More serious reaction: We do understand magnetism, electricity, and gravity; I can write, in just a couple of lines, the equations that these phenomena satisfy in all conditions that have been studied so far. Of course, this understanding is not complete: we don’t know for sure if these same equations hold in other conditions we haven’t tested yet; indeed, we have reason to believe they don’t hold –for example- at very small length scales, and we do not understand what equations replace them. But exactly to the degree to which we don’t understand these phenomena, we lack as well any warranted beliefs about them. To the extent that we don’t understand gravity at the quantum scale, we do not hold the belief that gravity “exists” at that scale, and in that sense we “reject” it, or at least we remain agnostic. So as an analogy to the Trinity, this is absolutely dreadful and backfires completely against the Reverend: following the analogy would be a good reason for me to not believe in the Trinity. Even knowing next-to-nothing about the theological conception of the Trinity, I am sure I could write a better defense of it than this one, in the spirit of Sean's recent post.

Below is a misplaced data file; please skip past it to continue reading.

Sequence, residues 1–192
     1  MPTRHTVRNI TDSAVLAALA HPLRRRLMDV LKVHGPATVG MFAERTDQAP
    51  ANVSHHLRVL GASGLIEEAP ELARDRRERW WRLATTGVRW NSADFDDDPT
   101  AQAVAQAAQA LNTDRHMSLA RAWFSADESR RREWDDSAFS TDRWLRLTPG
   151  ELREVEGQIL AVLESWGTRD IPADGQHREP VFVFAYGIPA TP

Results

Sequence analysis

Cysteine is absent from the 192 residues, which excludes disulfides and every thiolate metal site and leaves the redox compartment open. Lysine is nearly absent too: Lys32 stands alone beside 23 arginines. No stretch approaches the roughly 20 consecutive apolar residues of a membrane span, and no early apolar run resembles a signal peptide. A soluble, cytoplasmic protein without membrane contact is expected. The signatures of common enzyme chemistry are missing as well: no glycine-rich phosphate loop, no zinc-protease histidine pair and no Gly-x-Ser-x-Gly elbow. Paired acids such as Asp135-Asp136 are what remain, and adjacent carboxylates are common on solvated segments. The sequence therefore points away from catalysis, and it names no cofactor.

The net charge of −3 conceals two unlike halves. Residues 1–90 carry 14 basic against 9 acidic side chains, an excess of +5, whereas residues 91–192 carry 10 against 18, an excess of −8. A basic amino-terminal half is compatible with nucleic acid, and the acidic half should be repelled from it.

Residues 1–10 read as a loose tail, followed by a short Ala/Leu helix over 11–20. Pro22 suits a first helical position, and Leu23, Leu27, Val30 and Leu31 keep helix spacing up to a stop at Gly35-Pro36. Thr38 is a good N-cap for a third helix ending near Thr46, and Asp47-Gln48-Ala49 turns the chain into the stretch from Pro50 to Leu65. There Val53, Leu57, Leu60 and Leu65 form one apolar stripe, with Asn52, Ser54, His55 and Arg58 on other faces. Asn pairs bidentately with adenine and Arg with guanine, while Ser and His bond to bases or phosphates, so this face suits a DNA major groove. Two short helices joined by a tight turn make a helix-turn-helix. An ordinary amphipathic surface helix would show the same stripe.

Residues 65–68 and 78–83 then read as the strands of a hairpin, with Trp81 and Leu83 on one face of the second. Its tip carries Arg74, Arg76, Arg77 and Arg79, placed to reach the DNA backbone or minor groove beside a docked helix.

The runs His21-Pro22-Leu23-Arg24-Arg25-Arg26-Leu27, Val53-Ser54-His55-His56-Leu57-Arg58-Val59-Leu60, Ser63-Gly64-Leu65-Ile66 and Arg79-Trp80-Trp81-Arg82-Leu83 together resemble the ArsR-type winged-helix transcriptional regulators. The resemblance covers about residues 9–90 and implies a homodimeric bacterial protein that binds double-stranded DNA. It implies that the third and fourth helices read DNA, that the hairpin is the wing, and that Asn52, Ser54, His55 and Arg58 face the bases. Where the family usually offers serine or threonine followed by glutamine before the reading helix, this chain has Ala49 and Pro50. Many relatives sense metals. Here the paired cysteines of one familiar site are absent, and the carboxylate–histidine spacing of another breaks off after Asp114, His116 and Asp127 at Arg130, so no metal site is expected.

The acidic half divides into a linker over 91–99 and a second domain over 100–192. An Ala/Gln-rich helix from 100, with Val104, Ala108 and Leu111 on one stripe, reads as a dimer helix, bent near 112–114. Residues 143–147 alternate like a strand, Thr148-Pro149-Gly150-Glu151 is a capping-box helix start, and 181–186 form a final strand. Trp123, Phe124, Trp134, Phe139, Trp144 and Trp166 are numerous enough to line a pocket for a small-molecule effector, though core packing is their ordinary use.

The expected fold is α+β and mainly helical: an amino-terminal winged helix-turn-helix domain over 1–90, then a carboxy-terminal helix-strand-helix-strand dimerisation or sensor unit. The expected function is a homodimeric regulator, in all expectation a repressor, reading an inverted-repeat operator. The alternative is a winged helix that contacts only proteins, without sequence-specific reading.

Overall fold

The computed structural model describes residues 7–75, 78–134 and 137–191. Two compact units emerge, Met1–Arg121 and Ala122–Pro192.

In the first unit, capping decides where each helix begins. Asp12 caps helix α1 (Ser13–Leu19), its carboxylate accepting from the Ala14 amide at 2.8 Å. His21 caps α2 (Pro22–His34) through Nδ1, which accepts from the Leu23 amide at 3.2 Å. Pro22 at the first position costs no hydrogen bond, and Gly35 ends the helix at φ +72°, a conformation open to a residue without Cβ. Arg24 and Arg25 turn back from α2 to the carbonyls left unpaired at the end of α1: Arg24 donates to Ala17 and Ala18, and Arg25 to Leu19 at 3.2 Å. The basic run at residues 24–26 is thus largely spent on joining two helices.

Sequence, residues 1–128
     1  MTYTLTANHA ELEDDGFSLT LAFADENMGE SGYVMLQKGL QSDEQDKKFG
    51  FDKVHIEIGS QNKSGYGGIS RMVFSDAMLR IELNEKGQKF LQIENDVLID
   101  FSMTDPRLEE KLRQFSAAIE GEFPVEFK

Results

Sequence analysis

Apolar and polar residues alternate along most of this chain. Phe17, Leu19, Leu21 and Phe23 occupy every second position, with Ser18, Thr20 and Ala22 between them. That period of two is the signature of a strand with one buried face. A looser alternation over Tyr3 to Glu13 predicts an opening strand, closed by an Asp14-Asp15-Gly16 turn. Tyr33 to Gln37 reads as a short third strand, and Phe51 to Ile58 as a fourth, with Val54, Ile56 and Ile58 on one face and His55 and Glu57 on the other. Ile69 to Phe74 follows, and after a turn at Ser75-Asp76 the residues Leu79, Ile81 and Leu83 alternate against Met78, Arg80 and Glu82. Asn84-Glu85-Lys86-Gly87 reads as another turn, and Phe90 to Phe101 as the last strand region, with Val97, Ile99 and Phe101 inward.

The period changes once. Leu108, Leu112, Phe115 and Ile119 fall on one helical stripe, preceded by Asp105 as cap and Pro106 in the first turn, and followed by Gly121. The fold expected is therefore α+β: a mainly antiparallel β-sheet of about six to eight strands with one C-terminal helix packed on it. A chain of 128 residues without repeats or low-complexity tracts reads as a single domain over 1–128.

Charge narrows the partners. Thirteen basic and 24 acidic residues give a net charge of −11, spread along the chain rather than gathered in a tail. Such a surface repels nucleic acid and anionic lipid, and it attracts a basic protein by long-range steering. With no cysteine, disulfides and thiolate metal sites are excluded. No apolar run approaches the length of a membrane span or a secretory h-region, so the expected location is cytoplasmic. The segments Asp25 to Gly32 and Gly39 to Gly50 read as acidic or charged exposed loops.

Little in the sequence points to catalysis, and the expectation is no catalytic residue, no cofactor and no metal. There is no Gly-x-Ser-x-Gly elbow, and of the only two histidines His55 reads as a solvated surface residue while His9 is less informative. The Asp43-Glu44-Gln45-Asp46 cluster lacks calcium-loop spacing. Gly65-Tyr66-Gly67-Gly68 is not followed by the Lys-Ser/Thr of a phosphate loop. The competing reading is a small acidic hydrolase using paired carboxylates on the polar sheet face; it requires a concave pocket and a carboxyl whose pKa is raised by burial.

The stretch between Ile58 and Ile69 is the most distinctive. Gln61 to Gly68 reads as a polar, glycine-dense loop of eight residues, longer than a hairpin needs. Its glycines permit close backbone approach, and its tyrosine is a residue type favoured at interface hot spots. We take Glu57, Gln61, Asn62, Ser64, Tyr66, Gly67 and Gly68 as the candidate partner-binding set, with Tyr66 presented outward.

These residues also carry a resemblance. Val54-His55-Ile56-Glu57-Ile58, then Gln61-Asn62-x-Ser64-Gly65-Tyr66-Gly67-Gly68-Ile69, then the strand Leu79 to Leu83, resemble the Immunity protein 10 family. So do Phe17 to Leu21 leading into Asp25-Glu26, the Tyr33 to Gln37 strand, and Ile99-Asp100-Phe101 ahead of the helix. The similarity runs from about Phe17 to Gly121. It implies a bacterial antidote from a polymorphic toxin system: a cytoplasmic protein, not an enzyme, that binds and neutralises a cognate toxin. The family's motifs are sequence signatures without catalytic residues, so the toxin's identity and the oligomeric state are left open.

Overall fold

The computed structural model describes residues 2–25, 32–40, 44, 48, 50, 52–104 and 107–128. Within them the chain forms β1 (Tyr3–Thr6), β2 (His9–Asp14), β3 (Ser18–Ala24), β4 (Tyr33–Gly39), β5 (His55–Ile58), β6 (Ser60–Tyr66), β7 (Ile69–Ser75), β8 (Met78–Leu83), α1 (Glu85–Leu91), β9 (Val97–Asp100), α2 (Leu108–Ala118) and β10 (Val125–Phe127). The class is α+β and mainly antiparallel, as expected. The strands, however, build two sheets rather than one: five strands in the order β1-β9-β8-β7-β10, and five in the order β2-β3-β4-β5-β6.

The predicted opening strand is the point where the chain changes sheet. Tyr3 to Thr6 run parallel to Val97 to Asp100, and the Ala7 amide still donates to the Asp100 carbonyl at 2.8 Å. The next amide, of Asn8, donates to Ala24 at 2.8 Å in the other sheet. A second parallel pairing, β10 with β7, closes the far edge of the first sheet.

I hope I have answered Alana’s question without being too aggressive or dismissive. I do not think that religious people are necessarily stupid or even irrational (see here), and I think some theological arguments deserve to be taken seriously. But I'm sorry to say that I cannot take seriously those of Rev. Constas H. Demetry.